other stakeholders (for example,
employees). Of course, the main
risk of a spinoff is that
management will have
miscalculated, and one or both of
the resulting companies will not
perform as well as expected.

General Info
- Baxter's continued pipeline development will hopefully help bolster earnings to
achieve modest overall performance through 2015.
- Australia's National Blood Authority (NBA) issued a four-year award for ADVATE
as Australia's preferred recombinant FVIII product. Once it becomes effective in
early July, 2,300 people diagnosed with hemophilia A will receive access to
ADVATE
- Other noteworthy achievements for ADVATE include the continued success in
expanding commercialization in the UK, which now treats 5,600 people;
regulatory approval in Russia and Turkey; and the impressive 30% uptake in
Brazil. As ADVATE is now available in 62 countries and product uptake increases,
revenue should put the new company in a favorable position in 2015.

- The split makes strategic sense as the two business segments generally service
different end markets. The Medical Products business primarily serves acute and
non-acute care provider settings, while the BioScience business mostly works with
individual physicians or physician practices, with a particular focus on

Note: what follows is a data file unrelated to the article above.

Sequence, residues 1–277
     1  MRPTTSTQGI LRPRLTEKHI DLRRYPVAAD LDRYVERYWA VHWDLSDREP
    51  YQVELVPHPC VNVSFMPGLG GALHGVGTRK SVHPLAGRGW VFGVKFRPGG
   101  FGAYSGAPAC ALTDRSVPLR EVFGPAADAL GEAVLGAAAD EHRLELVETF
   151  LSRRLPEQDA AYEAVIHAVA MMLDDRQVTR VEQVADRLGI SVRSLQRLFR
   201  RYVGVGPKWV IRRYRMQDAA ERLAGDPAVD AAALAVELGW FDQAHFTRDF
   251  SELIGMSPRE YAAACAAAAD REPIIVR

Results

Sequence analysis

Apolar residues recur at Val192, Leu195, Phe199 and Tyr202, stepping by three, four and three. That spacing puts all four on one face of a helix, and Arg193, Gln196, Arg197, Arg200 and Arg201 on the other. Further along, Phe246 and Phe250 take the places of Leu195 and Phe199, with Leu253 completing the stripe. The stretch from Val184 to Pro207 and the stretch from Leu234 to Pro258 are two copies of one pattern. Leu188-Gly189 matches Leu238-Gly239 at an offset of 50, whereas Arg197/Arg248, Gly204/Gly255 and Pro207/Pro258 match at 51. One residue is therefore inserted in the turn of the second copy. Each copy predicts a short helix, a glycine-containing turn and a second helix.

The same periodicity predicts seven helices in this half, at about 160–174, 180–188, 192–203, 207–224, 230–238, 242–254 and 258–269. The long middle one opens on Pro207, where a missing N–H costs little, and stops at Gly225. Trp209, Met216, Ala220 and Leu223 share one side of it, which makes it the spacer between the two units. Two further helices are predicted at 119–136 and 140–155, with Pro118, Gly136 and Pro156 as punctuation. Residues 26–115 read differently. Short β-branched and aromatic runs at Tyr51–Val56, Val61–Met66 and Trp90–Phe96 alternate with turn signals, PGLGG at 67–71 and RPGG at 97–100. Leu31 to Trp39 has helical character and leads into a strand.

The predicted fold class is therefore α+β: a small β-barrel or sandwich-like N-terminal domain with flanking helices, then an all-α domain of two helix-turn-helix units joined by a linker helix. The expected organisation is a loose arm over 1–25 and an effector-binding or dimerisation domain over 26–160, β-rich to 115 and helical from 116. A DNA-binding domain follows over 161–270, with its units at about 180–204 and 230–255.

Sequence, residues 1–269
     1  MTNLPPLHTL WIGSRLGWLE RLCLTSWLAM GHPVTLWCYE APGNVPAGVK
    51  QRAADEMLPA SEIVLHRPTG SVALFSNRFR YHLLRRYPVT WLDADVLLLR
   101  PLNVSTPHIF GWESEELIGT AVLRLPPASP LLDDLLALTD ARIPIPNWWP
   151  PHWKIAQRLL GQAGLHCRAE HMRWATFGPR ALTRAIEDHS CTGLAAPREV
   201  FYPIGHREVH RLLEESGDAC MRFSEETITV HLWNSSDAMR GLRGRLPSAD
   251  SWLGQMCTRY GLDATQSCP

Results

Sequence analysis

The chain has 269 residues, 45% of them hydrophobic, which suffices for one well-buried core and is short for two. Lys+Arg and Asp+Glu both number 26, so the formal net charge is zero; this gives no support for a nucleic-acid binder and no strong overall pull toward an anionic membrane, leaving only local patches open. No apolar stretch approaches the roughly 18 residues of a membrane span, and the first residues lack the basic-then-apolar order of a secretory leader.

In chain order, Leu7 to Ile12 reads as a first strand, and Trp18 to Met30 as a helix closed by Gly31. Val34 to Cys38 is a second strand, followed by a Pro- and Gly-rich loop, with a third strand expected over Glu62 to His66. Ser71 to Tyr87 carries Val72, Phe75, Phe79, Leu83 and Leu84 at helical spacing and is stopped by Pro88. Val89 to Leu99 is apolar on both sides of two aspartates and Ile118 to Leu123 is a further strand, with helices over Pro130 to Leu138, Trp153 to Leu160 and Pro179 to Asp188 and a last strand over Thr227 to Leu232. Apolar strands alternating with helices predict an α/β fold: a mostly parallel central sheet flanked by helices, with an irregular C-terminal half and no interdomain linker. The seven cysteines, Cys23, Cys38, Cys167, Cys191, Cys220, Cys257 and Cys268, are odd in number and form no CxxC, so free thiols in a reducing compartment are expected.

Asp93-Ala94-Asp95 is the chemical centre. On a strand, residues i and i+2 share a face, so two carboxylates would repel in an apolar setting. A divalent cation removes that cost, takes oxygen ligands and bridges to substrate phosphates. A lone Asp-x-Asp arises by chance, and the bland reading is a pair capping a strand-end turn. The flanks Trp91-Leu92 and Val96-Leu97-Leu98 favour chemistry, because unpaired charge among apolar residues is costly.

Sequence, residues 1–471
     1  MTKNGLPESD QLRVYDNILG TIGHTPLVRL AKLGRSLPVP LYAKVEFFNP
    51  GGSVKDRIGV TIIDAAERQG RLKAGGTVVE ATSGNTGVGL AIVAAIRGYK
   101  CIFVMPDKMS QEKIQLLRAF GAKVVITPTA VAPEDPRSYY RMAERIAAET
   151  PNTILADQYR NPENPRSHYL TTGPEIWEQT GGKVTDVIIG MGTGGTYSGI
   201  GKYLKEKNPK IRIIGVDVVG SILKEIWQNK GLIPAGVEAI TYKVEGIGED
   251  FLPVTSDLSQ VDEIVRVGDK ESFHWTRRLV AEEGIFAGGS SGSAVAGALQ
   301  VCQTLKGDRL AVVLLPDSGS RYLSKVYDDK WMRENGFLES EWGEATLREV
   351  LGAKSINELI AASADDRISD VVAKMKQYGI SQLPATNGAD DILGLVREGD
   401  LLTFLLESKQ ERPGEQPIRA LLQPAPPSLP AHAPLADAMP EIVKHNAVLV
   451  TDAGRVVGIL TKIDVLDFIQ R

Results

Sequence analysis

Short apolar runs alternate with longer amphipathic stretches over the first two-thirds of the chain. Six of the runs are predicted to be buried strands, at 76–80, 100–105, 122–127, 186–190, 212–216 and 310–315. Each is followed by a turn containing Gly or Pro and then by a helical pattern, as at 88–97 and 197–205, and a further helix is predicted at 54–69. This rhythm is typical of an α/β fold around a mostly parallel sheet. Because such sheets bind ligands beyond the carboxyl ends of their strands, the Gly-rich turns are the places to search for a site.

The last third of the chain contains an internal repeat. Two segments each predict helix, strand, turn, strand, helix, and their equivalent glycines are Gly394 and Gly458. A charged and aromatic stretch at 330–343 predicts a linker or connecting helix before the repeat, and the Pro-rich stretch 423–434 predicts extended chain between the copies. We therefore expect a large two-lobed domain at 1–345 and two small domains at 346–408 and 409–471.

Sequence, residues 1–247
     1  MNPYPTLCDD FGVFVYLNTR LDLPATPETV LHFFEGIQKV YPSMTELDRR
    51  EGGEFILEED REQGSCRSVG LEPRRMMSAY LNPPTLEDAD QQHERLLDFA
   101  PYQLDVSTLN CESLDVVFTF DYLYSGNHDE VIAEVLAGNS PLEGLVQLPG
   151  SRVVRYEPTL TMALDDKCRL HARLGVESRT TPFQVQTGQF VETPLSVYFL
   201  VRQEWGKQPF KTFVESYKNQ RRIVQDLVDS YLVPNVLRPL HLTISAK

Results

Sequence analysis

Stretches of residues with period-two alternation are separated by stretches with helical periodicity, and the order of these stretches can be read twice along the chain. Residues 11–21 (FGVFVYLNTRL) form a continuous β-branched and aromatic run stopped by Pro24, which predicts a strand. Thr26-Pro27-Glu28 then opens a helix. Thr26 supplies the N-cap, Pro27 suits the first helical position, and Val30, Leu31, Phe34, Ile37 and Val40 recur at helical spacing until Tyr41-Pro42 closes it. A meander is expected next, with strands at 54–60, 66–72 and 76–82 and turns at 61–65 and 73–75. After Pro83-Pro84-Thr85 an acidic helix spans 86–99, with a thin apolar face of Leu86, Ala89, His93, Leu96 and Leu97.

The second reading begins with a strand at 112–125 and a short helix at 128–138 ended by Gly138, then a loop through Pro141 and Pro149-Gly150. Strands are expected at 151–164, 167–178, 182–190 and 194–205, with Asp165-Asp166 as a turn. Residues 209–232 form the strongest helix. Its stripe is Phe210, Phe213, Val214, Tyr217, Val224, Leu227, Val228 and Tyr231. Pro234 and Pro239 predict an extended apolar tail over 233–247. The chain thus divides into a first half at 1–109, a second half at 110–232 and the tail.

hematologists.
- Baxter acquired Gambro AB on Sept. 6, 2013 for approximately $3.9 billion from
private owners. Fitch believes the transaction is strategically sound, given
Baxter's operating focus on the hemodialysis and peritoneal dialysis segments.
The Gambro acquisition will enable Baxter to expand both its renal portfolio
(particularly in hemodialysis) offering and its geographic reach. While Baxter's
$300 million synergies target appears reasonable, in Fitch's view there is
integration risk with a transaction of this size.
- The medical devices business tends to be somewhat defensive and slow growing
in nature, while the biopharmaceuticals division carries more risk in growth and
while both are medical, the two sides of the business have become so distinct
that splitting them up made sense, company officials explained.
- Separating these businesses will enhance value for all our constituents including
shareholders, patients, healthcare professionals and providers and employees.
These businesses operate in distinct markets with evolving underlying
fundamentals
- Generally, analysts believe that the split into two companies makes sense as the
company's two units have different profiles: 1) the medical devices division is
more defensive and slow growing in nature; and 2) the biopharmaceuticals
division is more growth oriented but carries more risk.
- There may be other financial or legal reasons for a spinoff, such as stripping
underperforming or at-risk assets from an otherwise successful company, but this
is not likely the case with Abbott. In the case of Kraft for example, it divided its
grocery and snack businesses; the former was seen as impeding growth of the
latter. An example of a spinoff for legal reasons was when Monsanto transferred
liability related to PCB contamination by spinning off its industrial chemical
division in '97.